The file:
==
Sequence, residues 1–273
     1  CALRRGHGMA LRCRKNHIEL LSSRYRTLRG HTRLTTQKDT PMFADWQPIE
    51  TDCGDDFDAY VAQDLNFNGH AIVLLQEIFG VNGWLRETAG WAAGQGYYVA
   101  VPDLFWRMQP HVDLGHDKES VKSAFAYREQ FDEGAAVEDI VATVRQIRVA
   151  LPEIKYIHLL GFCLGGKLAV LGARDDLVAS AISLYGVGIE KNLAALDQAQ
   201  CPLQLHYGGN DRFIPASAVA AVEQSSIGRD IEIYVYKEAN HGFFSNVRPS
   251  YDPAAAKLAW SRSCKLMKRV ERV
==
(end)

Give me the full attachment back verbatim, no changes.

Sequence, residues 1–273
     1  CALRRGHGMA LRCRKNHIEL LSSRYRTLRG HTRLTTQKDT PMFADWQPIE
    51  TDCGDDFDAY VAQDLNFNGH AIVLLQEIFG VNGWLRETAG WAAGQGYYVA
   101  VPDLFWRMQP HVDLGHDKES VKSAFAYREQ FDEGAAVEDI VATVRQIRVA
   151  LPEIKYIHLL GFCLGGKLAV LGARDDLVAS AISLYGVGIE KNLAALDQAQ
   201  CPLQLHYGGN DRFIPASAVA AVEQSSIGRD IEIYVYKEAN HGFFSNVRPS
   251  YDPAAAKLAW SRSCKLMKRV ERV